This whole situation! was what I thought, but I didn't dare say it. There really was no doubt about it though. She looked like me, incredibly so, and no one bar creation in a lab could be so entirely her own person and yet so clearly influenced by another unless …
"What's your name?" I finally choked out.
She squinted, confused. "Hazuki, Papa."
My daughter, Hazuki.
This was not something I should know.
"Oh, brother," I sighed, slowly and deeply, and a grin splashed on her face as quickly as a kindergartener would throw paint on a wall (or as she would, more likely; she definitely looked the type).
"Papa, it is you!"
How did that convince you?! I shook the shock off, realizing I had more important things to talk about. Namely:
"Look . . . Hazuki. Do you know what this is?" I waved the TPDD.
She shook her head, smile fading to a more serious expression. "No."
"Do you know what time traveling is?"
She squinted, apparently thinking hard. Then her eyes opened again as exuberance washed over her. "Yes! That's why you look all funny!"
"Yeah. See, what happened―"
"I want to see!" And with that declaration she whipped herself around and ran to the window, opening it and leaning dangerously over the windowsill in mere seconds.
"Hey, be careful!" It might just be the second floor but we were still high up!
I crossed over quickly, but she had already replanted herself firmly on the carpet, a scowl taking the grin's place.
"That was dumb," she grumbled to the window, as if she expected an apology. "Everything looks the same."
And what exactly had she been expecting, I wonder. Dinosaurs? Geisha? Samurai warriors battling in the streets? It wasn't like she had come back hundreds of years!
Actually, that was a good question, come to think. "When exactly do you come from?"
It was apparently the right thing to say, as she quickly turned about-face and chirped, "April 10, 2025."
The grin was back, this time tinged with pride. She must have only just learned her dates.
"So, about fifteen years from now . . ." Now that was a scary thought. It wasn't easy to think of myself that way. I'd be over thirty! No wonder current me looked funny to her. But, really, as odd as it seemed to me, fifteen years wasn't really that long a time. Tanabata wishes wouldn't even be granted yet, if you went by Haruhi's logic. So then, why was she taking this in such good stride? Surely time traveling couldn't be so readily available by then!
"It's 2010 now," she announced.
"You did the math?"
Her eyes narrowed. "No, papa, you told me!"
What?Try as might, I couldn't remember ever doing so.
"Well, you didn't tell me. Papa One told me so I wouldn't be scared."
That made even less sense. "I thought you weren't supposed to be here?"
"Then how could I have told you?"
Her eyes narrowed further, and she licked her lips, clearly giving it careful thought. "I dunno. But you told me, that when you looked funny I shouldn't be scared, because I was in 2010 and you'd look funny to me but you'd still be my papa and I'd be okay."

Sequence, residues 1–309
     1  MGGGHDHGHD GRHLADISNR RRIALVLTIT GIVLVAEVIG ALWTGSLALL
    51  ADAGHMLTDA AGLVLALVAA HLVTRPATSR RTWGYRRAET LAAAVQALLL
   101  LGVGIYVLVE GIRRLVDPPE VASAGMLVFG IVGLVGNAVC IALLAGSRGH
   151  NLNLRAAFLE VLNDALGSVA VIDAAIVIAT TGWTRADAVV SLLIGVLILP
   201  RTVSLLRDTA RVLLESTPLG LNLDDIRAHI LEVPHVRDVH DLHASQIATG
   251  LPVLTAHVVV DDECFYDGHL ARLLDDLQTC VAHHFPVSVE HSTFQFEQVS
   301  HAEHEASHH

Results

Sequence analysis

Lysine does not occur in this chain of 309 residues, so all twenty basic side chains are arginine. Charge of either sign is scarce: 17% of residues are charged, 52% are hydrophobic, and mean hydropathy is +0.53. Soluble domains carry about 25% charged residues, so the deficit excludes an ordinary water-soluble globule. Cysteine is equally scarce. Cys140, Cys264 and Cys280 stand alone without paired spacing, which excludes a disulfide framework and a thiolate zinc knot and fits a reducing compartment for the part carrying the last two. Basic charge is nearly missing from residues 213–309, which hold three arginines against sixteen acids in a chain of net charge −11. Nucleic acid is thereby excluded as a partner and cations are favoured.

"I see." And I did. It was another one of those time snares, like the incident last winter―the event had already happened to some future me, so he had to make sure it would happen to current me, and fifteen years from now I would have to do the same thing. Time travel was such a pain. I probably wouldn't even get to figure out why she was here until then, if it wasn't anything more than an accident gone out of control to begin with.
"Okay then. Did he say how you were supposed to get back?"
I could've guessed that one. He hadn't even told her how to get here.
"So what am I supposed to do?"
"He didn't tell you that either?"
I waved the TPDD again. "And you don't know how to use this, right?"
"No," she said, but quickly corrected with a "Wait, yeah? Does that mean I do or I don't?"
"Oh. No, I don't."
Should have guessed that one too.
But wait. Why was I getting all upset about this? I had Miss Asahina, a full-fledged time traveler to help me out! She would know how to use this thing. That must be why my future self didn't say anything to her. It wasn't like she'd be able to explain it to me anyway. I get the feeling that as bright and eloquent as Hazuki appeared to be for her age, there still was that qualifier 'for her age'. Any explanation from her would involve a lot of "Um, I forget" and "I think it's the blue thing on top of the red thing". All I had to do was find Miss Asahina!
Except, she was at school. Where I should be in … five minutes. Damn it. What was I going to do with Hazuki? I couldn't leave her alone; my parents were on a trip, not even here for a semblance of company, even though I couldn't let her meet them anyway. The most I could do was bring her with me, put her in the clubroom for safekeeping, and hope for the best. Nagato seemed to go there every second she got, so she'd at least have some company until school let out, and it was only a half-day. I'd grab Asahina as soon as the bell chimed and everything would be fine, assuming that Father Time didn't step in and fix this on his own by then.
I sighed again, dropping the TPDD into my blazer pocket. It wasn't the best plan, but it would have to do. "All right. Look, I have to go to school―"